I just happened to be watching the news the other night when I heard something that immediately caught my attention…
Stratford, Ontario is a short drive from me and known as a lovely quaint tourist town, the claim to its fame being Stratford Festival. There they are known for their elaborate and brilliant performances of some of Shakespeare’s best-known and well-loved plays.
Celebrating the 450th anniversary of Shakespeare’s birth, The Stratford Festival arranged to display something of great value in honour of the occasion. This item was so valuable that it was only at the museum for two days. It only arrived as people lined up to see it Saturday morning and, according to the museum employee at the entrance to the exhibit, would be leaving not at five, but at ten minutes to five.
William Shakespeare’s First Folio is the first book of his plays, published by his friends and fellow members of The Chamberlain’s Men: John Heminge and Henry Condell. It was published seven years after Shakespeare’s death; before that it was common to find fraudulent versions in circulation.
What’s a folio you ask…well I will tell you because I honestly didn’t know myself, until recently: Folio is Latin for leaf:
“Usually means a leaf in a manuscript. But in printers’ jargon it had another sense: it referred to page size more than one page was printed at the same time on a single large sheet of paper, which was then folded into pages. When the sheet was folded once to form two leaves, making four pages, the page and book size was described as folio. A folio page is usually about 38 centimetres (15 inches) tall.”
Driving into the parking lot of the museum – a police security presence was obvious. This was serious stuff, not that they had any fear of me attempting a theft of such an artifact. I am not that gutsy, but imagine if I had pulled that off? Sounds like a good idea for a story, just fiction of course.
We arrived at a good time, a lull in the lineup. Only ten people were being permitted in the room at one time. I was glad to hear that cameras were allowed inside, but no flash was permitted. Any direct bright light could damage this centuries old document. Anything to be done to prevent fading of the writing of this special piece of literature was being done.
On entering I heard the hushed conversations of the other people and a humming of what turned out to be a dehumidifier. This book needed to be in just the right environment, which included temperature and lighting. It couldn’t be too humid and any lights were not aimed directly at or on it.
I tried to take in my surroundings then. I knew it could turn out to be rather pointless, me here to see some old book hidden in a case. What was I going to get out of this anyway?
My knowledge of actress Maggie Smith is fairly recent, with her starring roles in the Harry Potter films and more recently still in Downton Abbey. This photo didn’t even look like her, according to my sister, but it was from her performance in A Midsummer Night’s Dream, 1977 and that was almost thirty years ago.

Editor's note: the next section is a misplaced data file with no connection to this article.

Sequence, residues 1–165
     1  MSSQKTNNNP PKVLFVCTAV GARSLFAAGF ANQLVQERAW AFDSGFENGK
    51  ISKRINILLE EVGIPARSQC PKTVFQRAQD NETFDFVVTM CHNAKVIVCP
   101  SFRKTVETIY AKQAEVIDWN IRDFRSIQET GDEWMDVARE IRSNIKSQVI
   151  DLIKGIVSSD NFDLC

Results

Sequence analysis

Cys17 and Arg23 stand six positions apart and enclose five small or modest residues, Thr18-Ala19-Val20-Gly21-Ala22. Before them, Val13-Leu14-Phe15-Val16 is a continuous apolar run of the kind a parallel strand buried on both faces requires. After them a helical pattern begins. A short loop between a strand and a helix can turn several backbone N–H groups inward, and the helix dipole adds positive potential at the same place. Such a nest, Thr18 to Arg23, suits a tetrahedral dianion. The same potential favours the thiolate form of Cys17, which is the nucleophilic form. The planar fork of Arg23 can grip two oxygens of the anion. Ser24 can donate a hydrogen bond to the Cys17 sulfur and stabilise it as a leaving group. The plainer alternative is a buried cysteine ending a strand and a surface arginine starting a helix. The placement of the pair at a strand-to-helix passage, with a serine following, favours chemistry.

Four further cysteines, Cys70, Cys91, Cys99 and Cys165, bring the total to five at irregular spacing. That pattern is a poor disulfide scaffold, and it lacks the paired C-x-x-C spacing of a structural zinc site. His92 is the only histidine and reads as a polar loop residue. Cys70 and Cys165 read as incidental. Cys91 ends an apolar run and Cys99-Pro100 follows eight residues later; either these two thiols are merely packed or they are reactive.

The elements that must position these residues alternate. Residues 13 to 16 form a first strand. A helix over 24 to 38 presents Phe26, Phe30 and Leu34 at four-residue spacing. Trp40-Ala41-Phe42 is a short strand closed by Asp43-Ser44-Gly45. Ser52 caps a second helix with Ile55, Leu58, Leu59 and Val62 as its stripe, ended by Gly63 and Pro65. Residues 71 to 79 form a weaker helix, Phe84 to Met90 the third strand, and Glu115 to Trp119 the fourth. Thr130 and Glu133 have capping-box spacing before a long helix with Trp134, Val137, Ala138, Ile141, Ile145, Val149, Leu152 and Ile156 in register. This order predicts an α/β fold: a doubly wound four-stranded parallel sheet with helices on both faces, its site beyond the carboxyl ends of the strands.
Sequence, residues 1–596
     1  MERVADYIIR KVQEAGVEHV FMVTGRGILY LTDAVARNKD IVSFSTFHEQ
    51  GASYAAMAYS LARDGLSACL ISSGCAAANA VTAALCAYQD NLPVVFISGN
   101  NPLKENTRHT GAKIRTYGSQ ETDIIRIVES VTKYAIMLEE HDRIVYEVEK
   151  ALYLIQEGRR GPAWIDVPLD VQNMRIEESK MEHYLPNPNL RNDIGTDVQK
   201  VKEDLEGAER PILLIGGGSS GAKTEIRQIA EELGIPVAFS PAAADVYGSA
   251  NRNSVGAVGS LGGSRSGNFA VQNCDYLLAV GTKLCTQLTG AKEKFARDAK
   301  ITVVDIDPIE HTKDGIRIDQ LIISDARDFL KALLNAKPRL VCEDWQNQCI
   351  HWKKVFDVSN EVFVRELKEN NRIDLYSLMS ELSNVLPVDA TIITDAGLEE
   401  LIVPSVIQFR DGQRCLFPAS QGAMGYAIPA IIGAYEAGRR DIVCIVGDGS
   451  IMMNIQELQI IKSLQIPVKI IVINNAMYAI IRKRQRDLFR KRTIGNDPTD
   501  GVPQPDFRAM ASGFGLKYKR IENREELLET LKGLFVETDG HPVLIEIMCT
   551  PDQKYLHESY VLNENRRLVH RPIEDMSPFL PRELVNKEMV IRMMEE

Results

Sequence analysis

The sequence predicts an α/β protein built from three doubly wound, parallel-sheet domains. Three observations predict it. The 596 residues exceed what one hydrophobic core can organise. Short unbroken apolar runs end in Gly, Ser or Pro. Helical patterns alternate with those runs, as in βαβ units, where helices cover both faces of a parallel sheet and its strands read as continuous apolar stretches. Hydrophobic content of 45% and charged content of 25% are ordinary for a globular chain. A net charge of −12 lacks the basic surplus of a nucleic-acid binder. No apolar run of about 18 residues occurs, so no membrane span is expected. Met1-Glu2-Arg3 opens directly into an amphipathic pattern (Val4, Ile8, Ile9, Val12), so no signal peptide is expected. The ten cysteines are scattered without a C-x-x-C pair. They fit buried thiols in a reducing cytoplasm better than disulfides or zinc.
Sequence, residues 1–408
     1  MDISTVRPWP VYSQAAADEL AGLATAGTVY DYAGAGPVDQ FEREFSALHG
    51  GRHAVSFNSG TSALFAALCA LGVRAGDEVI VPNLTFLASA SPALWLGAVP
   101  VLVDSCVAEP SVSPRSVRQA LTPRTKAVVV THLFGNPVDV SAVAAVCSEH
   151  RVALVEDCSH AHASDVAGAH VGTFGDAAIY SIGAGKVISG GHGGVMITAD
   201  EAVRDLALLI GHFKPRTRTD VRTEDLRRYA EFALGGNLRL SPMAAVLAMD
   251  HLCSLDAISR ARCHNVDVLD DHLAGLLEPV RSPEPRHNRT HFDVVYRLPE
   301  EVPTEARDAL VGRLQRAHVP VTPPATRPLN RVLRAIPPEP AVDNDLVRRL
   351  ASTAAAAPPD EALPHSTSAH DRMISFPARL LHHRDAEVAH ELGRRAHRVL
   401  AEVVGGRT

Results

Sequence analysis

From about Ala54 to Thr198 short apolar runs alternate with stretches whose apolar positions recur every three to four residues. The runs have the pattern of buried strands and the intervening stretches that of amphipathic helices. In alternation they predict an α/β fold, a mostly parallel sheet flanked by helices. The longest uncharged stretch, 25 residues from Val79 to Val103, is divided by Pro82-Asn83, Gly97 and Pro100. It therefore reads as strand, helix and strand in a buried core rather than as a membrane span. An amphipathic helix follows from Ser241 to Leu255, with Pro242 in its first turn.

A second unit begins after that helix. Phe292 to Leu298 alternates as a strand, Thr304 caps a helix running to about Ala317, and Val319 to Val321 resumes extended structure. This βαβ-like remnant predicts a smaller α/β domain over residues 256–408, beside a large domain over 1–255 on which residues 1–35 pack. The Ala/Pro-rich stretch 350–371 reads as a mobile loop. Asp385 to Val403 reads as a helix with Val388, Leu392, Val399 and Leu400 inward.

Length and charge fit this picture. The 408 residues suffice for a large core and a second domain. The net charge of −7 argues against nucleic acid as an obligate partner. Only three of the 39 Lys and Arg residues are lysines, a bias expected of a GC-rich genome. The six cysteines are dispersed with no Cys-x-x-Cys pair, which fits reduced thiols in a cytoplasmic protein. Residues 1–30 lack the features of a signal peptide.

The drawers in the cabinet held the separate pages of the folio. It was hard for me to comprehend and my sister read some of it to me, a lot made difficult by the old English writing. I felt like I was in a jewelry store, with the glass cabinets holding precious jewels. This time I was looking in at something so much more precious to me: words.
An introduction by fellow playwright, poet, and literary critic Ben Jonson. This was all taking me back to a time I can not possibly grasp. It’s hard to even imagine what it was like back in the seventeenth century, of which Shakespeare himself was only alive to see the first sixteen years. His plays were mostly written and performed in the final years of the 1500s, at the open-air playhouse The Globe Theatre, on the south bank of The thames.
Also in the room was a photo, included in the folio, of William Shakespeare himself. Recently, with the 450th anniversary, there has been a lot of debate about this likeness. Is it truly him?
The artist responsible was only fifteen when Shakespeare died so it is unlikely he knew the man, but more likely he knew people who did and must have seen a photograph from the time or had someone describe what Shakespeare looked like in life.
I find it almost impossible, even in the face of some of the most proven methods, to truly believe that any of this has survived or is the truth. That is the part of history that both baffles and enthrals me. I would love to own something as precious as a book from so long ago. Even hearing it explained how something made of paper with ink imprinted on the pages lasts centuries I can’t quite fathom how. The diaries I own of my grandmother are only barely fifty years old and already some of them are so worn and delicate. How does anything make it this far through time?
Luck must play a big part in this, but you simply can not discount the care someone must have taken over the years. On our way out I hear a voice speaking with authority, or with something like it. This voice sounds young, but unmistakably informed. I pause to listen and speak to her.
She is only a summer student here and she reiterates that she is no expert: “Just someone who enjoyed researching all this.”
Through something called
Young Canada Works
she was given this opportunity for the summer, and she had clearly already done the sort of research I was relieved of having to do myself.
Her knowledge as a student, receiving her Masters and her interest in rare old books was evident. I could feel her passion for the subject matter and I could see why. It was something like that which drew me to this museum to see this famous piece of English literature. Within hours it would be back to its home at the Thomas Fisher Rare Book Library at the University of Toronto.
Finally, on my last post for this week I will speak about my trip upstairs in the museum to check out the World War exhibit.